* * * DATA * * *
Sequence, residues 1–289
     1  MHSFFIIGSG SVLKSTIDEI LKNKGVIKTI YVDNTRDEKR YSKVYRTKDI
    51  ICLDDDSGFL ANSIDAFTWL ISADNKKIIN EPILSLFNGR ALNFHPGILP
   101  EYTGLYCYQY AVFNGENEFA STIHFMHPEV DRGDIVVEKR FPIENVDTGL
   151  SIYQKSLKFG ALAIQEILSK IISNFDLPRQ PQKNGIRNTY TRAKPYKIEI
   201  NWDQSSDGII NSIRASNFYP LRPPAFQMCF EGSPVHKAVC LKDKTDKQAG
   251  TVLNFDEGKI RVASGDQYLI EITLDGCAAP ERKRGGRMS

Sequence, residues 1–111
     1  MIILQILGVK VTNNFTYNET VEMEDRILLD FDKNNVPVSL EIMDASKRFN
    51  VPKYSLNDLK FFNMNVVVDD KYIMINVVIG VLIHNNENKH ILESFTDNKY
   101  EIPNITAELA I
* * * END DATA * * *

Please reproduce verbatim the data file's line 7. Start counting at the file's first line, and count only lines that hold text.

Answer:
   251  TVLNFDEGKI RVASGDQYLI EITLDGCAAP ERKRGGRMS